There is some not so sunny news over at Chicago Sun-Times as they have laid off most if not all of their photography staff—about twenty to thirty individuals. In a statement released by the Sun-Times, they claim this comes as a change in needs, basically, in the digital world—a dark cloud that hangs over all journalism:
“The Sun-Times business is changing rapidly and our audiences are consistently seeking more video content with their news. We have made great progress in meeting this demand and are focused on bolstering our reporting capabilities with video and other multimedia elements. The Chicago Sun-Times continues to evolve with our digitally savvy customers, and as a result, we have had to restructure the way we manage multimedia, including photography, across the network.”
According to The Chicago Tribune, the Sun-Times will use freelance photographers instead. Crain’s also adds reporters as the staff’s replacement. Reporters will be required to have photos and video with their stories.
What does this mean? That cloud that hangs over journalism, it’s the new front that’s been developing for quite some time. Slowly, the cloud has been sending down lightning bolts, frying the old to make room for the new. There are two points about the new world of journalism in the Sun-Times action and solutions that stand out: freelance and multitasking.
Freelance is a funny word. It could be those professionals who have the title “freelance photographer.” But, that title could be picked up by anyone not employed to be photographer but has sold a photo. The internet is full of amateur photographers—whether they’re good or not is a different story. So, maybe Yahoo CEO Marissa Mayer’s words, “There’s really no such thing as professional photographers anymore,” weren’t that far off. Look at the Boston Marathon bombings: Most of those pictures were taken by bystanders with smartphones or taken by surveillance. And if the act passed by UK’s Parliament, which ignores copyright of orphan works, means anything, companies and organizations want these internet randoms more than ever.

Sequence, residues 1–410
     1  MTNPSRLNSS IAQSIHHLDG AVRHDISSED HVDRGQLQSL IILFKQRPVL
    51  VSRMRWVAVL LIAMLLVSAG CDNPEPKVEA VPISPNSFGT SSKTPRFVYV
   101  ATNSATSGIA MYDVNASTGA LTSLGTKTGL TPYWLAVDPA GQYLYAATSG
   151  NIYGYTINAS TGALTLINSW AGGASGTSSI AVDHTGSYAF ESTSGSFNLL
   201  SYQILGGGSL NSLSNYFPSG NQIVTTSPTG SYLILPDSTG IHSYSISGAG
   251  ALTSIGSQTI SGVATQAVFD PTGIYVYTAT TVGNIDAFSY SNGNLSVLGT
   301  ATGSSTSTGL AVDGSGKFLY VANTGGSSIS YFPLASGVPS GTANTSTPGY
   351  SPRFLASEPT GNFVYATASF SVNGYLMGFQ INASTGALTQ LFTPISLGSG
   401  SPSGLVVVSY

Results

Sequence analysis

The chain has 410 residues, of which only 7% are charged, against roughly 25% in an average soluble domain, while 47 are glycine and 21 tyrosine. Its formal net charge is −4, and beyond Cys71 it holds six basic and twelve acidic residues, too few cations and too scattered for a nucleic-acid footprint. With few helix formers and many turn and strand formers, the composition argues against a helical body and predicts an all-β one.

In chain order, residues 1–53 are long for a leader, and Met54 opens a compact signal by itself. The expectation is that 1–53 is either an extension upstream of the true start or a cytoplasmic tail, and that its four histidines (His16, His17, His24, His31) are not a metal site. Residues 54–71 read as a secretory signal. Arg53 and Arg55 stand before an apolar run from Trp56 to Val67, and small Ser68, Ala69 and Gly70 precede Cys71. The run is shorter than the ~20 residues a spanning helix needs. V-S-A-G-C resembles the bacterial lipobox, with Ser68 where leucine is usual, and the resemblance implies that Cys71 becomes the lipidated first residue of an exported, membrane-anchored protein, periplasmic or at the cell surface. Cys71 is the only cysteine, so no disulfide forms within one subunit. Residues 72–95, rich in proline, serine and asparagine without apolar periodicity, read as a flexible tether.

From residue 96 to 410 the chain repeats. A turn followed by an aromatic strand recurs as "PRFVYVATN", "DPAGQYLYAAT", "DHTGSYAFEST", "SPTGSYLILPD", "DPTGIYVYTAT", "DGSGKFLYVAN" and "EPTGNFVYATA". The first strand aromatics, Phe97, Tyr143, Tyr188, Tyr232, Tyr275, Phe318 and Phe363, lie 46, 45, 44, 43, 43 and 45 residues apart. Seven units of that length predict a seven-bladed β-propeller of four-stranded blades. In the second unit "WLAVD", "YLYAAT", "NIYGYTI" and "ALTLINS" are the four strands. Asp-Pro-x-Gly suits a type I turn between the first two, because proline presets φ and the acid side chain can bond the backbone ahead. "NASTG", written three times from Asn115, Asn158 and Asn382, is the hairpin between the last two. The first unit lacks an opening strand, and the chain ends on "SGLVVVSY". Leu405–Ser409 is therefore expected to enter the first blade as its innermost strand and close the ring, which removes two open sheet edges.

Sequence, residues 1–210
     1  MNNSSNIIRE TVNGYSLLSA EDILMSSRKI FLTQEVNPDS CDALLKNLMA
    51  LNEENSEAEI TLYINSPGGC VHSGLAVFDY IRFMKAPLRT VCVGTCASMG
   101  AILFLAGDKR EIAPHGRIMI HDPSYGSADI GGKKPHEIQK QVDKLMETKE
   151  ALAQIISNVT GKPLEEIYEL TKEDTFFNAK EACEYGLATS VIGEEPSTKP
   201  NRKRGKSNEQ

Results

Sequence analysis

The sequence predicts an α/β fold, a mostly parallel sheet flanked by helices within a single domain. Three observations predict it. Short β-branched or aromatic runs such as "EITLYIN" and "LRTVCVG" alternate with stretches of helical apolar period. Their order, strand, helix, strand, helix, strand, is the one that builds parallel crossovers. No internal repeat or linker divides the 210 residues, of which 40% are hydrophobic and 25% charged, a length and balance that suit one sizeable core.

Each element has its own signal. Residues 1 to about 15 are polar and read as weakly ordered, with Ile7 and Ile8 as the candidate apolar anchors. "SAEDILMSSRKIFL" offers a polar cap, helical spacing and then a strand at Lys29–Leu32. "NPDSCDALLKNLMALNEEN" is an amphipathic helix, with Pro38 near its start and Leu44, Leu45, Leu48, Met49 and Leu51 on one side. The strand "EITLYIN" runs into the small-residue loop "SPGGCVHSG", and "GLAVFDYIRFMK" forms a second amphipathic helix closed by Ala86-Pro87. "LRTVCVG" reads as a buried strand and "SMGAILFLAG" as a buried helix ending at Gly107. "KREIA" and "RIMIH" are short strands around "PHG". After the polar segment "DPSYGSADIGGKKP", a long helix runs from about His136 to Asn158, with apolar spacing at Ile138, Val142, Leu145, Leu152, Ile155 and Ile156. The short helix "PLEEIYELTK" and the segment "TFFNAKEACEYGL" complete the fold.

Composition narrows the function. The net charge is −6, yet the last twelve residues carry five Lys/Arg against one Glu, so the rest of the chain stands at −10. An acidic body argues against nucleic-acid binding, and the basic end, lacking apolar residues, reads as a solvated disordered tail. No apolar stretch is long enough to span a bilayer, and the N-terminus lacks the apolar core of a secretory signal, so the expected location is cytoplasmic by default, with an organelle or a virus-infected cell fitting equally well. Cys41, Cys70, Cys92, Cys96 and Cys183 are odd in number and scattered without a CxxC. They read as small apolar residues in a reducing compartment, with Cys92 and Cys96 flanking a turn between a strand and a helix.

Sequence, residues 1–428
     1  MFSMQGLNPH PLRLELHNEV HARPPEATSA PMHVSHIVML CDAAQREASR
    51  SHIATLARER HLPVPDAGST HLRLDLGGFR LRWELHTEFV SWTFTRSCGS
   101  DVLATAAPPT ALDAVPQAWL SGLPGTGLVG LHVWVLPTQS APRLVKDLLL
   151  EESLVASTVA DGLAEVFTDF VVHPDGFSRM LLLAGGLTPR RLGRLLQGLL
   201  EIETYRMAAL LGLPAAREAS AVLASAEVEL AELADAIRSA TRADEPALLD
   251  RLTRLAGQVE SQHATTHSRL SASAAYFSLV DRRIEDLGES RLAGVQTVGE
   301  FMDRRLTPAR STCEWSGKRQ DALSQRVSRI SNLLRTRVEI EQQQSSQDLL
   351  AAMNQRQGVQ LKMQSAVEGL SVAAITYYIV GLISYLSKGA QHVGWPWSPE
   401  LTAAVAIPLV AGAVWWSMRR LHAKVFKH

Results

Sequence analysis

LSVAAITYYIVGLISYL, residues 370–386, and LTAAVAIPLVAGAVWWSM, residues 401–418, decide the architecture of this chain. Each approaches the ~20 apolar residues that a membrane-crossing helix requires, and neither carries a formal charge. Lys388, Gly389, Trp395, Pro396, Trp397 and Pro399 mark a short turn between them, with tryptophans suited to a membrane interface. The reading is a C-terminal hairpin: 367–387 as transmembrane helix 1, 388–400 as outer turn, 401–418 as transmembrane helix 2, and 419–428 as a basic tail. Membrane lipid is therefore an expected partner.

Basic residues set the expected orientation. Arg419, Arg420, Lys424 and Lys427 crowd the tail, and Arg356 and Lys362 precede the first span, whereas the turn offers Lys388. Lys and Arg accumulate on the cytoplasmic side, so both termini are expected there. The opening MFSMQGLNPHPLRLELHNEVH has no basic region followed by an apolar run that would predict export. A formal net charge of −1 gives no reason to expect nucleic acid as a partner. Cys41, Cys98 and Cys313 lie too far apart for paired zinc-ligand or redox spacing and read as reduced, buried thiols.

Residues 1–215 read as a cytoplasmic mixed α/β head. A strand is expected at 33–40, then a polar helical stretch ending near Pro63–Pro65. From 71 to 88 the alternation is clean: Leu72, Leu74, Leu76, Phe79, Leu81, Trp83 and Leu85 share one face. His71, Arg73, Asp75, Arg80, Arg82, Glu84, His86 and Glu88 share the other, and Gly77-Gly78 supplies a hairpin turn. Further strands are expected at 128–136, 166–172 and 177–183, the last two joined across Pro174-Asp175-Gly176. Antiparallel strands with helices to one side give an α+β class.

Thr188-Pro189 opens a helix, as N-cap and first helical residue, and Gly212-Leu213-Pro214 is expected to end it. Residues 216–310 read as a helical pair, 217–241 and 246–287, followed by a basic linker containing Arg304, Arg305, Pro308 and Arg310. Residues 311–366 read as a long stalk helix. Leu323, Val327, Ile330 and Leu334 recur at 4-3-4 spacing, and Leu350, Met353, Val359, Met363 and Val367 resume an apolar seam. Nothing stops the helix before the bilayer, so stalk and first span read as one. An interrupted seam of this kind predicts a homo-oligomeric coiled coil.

Secondly, we’re in a world that loves multitasking. Absolutely adores it. Right now, one of my editors is sitting in front of a huge iMac, a MacBook Pro and his phone, which he is currently browsing on. But a more obvious sign things are changing is, during my university journalism courses, multitasking was a recurrent theme while they taught us to capture mediocre pictures and videos. New journalists are starting to be pre-equipped with Sun-Times’ standards.
The Sun-Times is going with the times. Is it a good thing? I can’t really say. Change isn’t always welcomed. And, it’s not always good.
The above photo ‘Bye bye old camera’ by Eran Finkle via Creative Commons.